51. LIGHT YEARS AWAY – Debby McClatchy



I bought a banjo!  I think I’ve always wanted one, however uncool they may be.  Perhaps it’s the Appalachian peasant in me; partly, perhaps, it’s a kind of tribute to one of my musical heroes, Pete Seeger, I don’t know.  But since buying it, one of the first songs I wanted to learn to play is ‘Light Years Away’ as sung by Debby McClatchy.

On an earlier posting, one that addressed two traditional songs, ‘I wish, I wish’ and ‘Serving Girls Holiday’, I tell the story of my earliest acquaintances with folk clubs, very much toes being dipped into water, but never plunging, never developing into anything interactive or engaged.  Now comes the second part of my folk clubs story –where this time, something did ‘take’ and develop.  On our return from living abroad, in 1995, we were perhaps ripe for a few new experiences –the crazy world of amateur dramatics for one, for two: beginning to attend a weekly Folk Club.  This was Llantrisant Folk Club (still very much alive and flourishing, though I am far less frequently a visitor), it took place on a Wednesday night, upstairs in a pub, and generally I didn’t get there until quite late, because I had been teaching Spanish at an evening class in Merthyr (yet another new venture), from seven till nine.  I went along simply to enjoy the music, with no idea of playing my own songs, necessarily (and yet, eventually, this did develop into a whole new audience for my songs, and indeed new songs no doubt encouraged by the existence of that audience!).

On the first night I attended, Debby McClatchy was the guest performer, accompanying herself on her banjo and –because of the novelty, who knows?  -I was quite entranced, but at no time moreso than when she introduced and sang this song ‘Light Years Away’.  She explained that it had been written by two members of the Red Clay Ramblers for the off Broadway production of Sam Shepard’s play ‘A Lie Of The Mind’ where they also performed it on stage.  Now, sure, that might have warmed me to it immediately – very possibly,  because he’s brilliant, isn’t he, S.S.  – but I felt an indefinable beauty about the song.  It also provided the title for Debbie’s new cassette, which I bought that night and played repeatedly for the next few weeks.

In those early months of folk club attendance, there were many new and exciting discoveries –let’s see… the a cappella group Artisan, for instance, with those exquisitely crafted Brian Bedford songs; there was the haunting voice of Tanya Opland; James Keelaghan visited, and what a treat that was; then there was a little band called Gypsy Reel who also – blow me down!  -covered the song ‘Light Years Away’ on their ‘Shake That Spirit Free’ album, and this time the darker, fruitier tones of Camille Parker gave this song a different quality, perhaps less tremulous, catching more assertiveness in the aching yearnings of the lyric.  Two great versions…

But I come back to Debby McClatchy’s recording as my original and defining listen, and I like the ambiguities it first presented me with.  This is a kind of love song, without doubt, to ‘Evangeline’ (not a character in Shepard’s play, so presumably this, like all the others which the Red Clay Ramblers wrote for the play is a standalone song, not dictated by dramatic events); but it’s also a song of longings that will seemingly be unfulfilled, and that tone of pining loss comes through right from the beginning in all those haunting conditionals –‘if I could wake to find you near me…’, ‘if I could call and you could hear me…’, ‘if you could take my hand…’.  We get it in the repeated ‘out of the blue’…  with its suggestion not just of something unlikely, but – the elegiac hint –of something dreamlike conjured from beyond earthly existence?  We get it in the interplay between light and dark in thoughts of the beloved (‘my sunshine, light of my day…’; and yet ‘a star in the darkness…’) coming together in the song’s key phrase and title –‘light years away’ suggests that she is indeed a shining light but in endless dark space, way beyond the practicalities of warmth and reach.  We get it underlined more explicitly in the song’s neat little two line bridge – ‘Stealing away in the night, pale and cold/Lost in the light of the Moon..’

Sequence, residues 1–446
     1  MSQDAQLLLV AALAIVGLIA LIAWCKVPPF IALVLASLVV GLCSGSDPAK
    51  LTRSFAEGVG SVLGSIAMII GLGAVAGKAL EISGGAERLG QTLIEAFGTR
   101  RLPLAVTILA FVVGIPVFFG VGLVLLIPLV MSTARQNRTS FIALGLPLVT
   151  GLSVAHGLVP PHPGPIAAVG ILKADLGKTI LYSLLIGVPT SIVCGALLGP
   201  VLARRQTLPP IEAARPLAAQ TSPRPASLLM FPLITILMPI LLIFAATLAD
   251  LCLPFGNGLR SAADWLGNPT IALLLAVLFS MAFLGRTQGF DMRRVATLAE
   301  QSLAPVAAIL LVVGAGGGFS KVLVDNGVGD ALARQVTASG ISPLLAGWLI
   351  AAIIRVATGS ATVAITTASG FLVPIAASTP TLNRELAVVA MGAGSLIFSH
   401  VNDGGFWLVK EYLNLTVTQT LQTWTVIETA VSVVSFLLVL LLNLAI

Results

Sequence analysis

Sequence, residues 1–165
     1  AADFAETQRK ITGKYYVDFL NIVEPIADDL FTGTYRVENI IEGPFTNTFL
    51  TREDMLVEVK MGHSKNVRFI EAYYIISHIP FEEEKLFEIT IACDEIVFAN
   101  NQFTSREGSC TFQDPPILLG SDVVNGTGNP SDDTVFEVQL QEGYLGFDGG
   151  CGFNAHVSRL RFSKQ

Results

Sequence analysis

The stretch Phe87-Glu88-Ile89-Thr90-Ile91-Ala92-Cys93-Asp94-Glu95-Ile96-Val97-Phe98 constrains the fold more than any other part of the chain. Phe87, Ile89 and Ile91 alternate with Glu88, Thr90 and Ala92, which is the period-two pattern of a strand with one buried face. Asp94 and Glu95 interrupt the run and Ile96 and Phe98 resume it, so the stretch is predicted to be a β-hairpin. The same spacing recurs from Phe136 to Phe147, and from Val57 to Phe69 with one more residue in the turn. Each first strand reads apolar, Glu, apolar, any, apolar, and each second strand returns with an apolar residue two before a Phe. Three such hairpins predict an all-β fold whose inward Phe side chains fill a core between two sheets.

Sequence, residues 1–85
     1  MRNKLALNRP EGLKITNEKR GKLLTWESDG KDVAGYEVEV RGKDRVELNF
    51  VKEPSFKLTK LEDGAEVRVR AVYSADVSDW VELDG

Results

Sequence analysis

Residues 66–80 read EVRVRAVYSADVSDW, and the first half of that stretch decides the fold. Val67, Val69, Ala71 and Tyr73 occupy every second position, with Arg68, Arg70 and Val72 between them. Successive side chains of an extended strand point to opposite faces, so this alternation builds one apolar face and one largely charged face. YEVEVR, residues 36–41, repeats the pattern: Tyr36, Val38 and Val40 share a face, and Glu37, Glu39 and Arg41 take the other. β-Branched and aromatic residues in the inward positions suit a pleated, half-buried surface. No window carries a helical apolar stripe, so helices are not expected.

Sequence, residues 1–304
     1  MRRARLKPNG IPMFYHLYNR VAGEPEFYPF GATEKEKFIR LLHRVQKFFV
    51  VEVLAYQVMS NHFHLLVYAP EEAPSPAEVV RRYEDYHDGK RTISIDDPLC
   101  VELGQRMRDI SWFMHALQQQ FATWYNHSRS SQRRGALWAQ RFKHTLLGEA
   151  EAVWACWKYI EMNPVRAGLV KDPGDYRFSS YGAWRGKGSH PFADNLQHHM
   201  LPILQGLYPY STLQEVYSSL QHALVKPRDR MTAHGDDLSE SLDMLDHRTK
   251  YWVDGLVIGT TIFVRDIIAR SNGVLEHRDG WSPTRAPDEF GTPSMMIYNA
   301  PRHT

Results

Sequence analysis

And I like a bit of melancholy, me.  So I’m trying to plunk-a-plunk my way towards it, and so far only achieving the vaguest approximation of Debby McClatchy’s accompaniment…  I have a feeling that she may have tuned the banjo to something a little more unconventional to get the minor feel for this song; so if anyone has any clues as to anything connected with the tuning, the chord shapes and the fingering patterns for this great Tommy Thompson/Stretch Herrick song, send them along and make my day! (No doubt I could work it out from careful application to the youtube clip posted above – still, short cuts and second opinions much appreciated!)



Christians who want wide, rich, real worship expressions ignore the Psalter to their own great detriment – for within it are songs and prayers, rants and exultations, moans, lamentations, sighs of wonder and bafflement to cover most if not all human emotions. Like the News of the World’s old byline ‘All human life is there’; which is to say that the psalms help us somehow to encompass it all, and offer up in songs-of-a-kind all manner of reactions –adoring, angry and ambiguous, and the rest. This is relevant; bear with me.

Anyone who’s been part of an exciting community of believers (and this probably holds true for kinds of fellowships, fraternities and societies) will have known times of burgeoning and creativity, where solidarity is sweet, new experiences come thick and fast, and there’s a spring-like sense  of learning and newness, flow and fruition…and songs of joy and praise come easy and seem natural as breath. If they stick at it, they’ll also know times of quiet fallowness and consolidation; but then there’ll also be times of reduction, of ‘paring back’, times of challenge and disagreements, where once-simple comradeships seem complex and less secure, where disenchantments are expressed, old zeals diminished and where people change course, succumb to tragedy, or simply leave. There needs to be song-prayers for these occasions too, and perhaps that’s something which this pair of songs – never far away from my current playlists – continues to remind me.